In 1960, Roger Corman made two of his greatest films. One of them was House Of Usher, which found him adapting prestige material from Edgar Allen Poe and working with a real star, Vincent Price, to prove he could make a cost effective horror movie that could compete with major studio fare. The other film was made in three days on leftover sets from another film. That might sound like the formula for a nowhere quickie but that is not the case here: that second film was Little Shop Of Horrors, a quirky blend of horror and black comedy that has become one of Corman’s most popular and beloved films.
Charles B. Griffith dreamt up the fast-moving scenario, which takes place primarily in a skid-row flower shop. Seymour (Jonathan Haze) is the nebbish hero of the story, a hard-luck type who lives with his hypocondriac/alkie mom, Winifred (Myrtle Vail) and works for money-fixated tyrant Gravis Mushnik (the great Mel Welles). He’s got two things that make his life worthwhile — his pretty and kind co-worker, Audrey (Jackie Joseph) and a little plant of mysterious, exotic origin that he’s trying to nurse to health. The relationship with Audrey has promise but the plant looks like it’s going to die.
However, Seymour makes a ghastly discovery about the plant when he accidentally pricks his finger and bleeds over it — causing it to open its Venus flytrap-like mouth. Seymour feeds it with his blood for a short while and it begins to talk demanding more. When our hero accidentally bumps off a hobo, he feeds the body to the plant — now dubbed “Audrey Jr.” — and it grows into a large, ornate size. This draws in patrons, pleasing the boss and making it possible for Seymour to get closer to Audrey. Unfortunately for all, Audrey Jr. demands more food — and Seymour finds himself resorting to drastic measures to appease the plant as it grows bigger in size and popularity.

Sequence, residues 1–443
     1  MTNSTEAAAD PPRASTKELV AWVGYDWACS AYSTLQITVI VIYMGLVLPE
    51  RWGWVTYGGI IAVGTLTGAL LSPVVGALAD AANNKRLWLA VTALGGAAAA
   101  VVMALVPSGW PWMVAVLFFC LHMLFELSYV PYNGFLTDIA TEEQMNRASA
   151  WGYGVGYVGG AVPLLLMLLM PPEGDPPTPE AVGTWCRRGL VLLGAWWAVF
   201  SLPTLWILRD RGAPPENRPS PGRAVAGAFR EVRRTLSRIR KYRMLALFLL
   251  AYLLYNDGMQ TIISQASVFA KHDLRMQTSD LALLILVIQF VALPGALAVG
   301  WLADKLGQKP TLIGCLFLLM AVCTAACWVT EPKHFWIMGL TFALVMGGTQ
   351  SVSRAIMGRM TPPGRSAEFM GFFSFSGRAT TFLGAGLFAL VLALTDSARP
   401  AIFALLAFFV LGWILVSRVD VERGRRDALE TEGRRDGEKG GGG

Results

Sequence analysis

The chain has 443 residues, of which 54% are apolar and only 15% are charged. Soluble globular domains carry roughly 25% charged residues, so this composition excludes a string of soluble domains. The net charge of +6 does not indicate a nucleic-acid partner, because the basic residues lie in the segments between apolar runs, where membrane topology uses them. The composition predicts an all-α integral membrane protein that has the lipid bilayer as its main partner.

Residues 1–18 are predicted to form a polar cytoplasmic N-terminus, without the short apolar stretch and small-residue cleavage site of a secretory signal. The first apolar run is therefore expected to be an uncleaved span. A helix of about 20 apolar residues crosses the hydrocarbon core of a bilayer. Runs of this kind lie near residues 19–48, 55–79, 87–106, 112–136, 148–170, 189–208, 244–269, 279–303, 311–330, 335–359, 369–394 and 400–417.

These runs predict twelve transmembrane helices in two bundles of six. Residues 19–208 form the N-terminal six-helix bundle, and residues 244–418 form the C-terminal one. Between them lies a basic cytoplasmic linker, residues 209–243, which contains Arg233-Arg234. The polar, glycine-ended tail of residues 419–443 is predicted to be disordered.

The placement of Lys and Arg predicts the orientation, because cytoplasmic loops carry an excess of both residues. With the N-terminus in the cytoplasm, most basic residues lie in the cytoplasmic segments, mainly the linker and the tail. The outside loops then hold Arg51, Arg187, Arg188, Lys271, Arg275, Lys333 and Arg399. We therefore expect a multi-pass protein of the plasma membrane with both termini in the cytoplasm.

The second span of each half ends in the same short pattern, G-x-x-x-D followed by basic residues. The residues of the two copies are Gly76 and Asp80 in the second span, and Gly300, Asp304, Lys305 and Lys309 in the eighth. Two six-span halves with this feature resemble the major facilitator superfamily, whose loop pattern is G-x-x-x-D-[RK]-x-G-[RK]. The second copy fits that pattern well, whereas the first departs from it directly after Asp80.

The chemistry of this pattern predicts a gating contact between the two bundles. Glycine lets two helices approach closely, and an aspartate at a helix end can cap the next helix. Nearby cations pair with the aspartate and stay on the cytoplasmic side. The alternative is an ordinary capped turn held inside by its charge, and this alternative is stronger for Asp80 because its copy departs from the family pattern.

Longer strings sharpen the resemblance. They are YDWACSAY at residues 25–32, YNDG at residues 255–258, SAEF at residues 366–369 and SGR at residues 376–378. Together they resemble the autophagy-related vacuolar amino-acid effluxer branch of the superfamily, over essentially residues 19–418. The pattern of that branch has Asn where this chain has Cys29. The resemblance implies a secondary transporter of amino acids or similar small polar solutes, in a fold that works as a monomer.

Little Shop Of Horrors remains a favorite with the Corman fanbase because it’s a great display of the skills he’d been building up over five steady years of work as a director. The budget and time constraints don’t hamper his creativity in any way: the end result is economically made but stylish, funny and fast. He keeps the frequent dialogue scenes interesting by staging them at a breakneck tempo and using a well-seasoned cast of repertory players. When he gets to step outside the flower shop — namely in an oddball chase finale set in a junkyard — he shows a natural flair for composition and staging that manages to dazzle the eye at a minimum of cost.
However, just as much credit must go to stalwart Corman scripter Griffith, who turns in one of his best screenplays here. The dialogue has real snap, mixing wordplay and Jewish humor with verve, and the plotline offers a blend of horror and humor that other genre filmmakers wouldn’t catch up to for a long while. Most importantly, Griffith is consistently creative and throws in a unique touch every few minutes: fan favorite moments include a flower shop patron named Burson Fouch (Dick Miller) who likes to eat flowers and a masochistic patient (played by a young Jack Nicholson) who thrills to the idea of dentistry without anesthesia. The film also pokes fun at Dragnet via hard-boiled narration and a couple of hilariously stoic cops.
Finally, the acting is top-flight for a film at this budgetary level, mainly because the cast draws from a group of actors that Corman had worked with on several previous films. Haze shines in a rare lead performance as Seymour, creating a likeable noodnik pitched somewhere between Jerry Lewis and Gilligan-era Bob Denver. Welles is a tyrannical delight as the boss, showing great chemistry with Haze and slyly wringing every comedic nuance from Griffith’s dialogue. Joseph is charming as the bubble-headed but sweet love interest, offering a surprisingly low-key variation on the usual ditz archetype. Finally, Miller deserves praise for his deadpan, fast-talking turn as the flower-eating customer and Nicholson hints at his future over-the-top performances as the crazed dental patient.
In short, the oddball charm of Little Shop Of Horror hasn’t dimmed one iota. Corman would go on to bigger, more impressive films and Little Shop Of Horrors would be revived as a musical, first on the stage then on the screen, but the original article remains an energetic blast of poverty-row fun.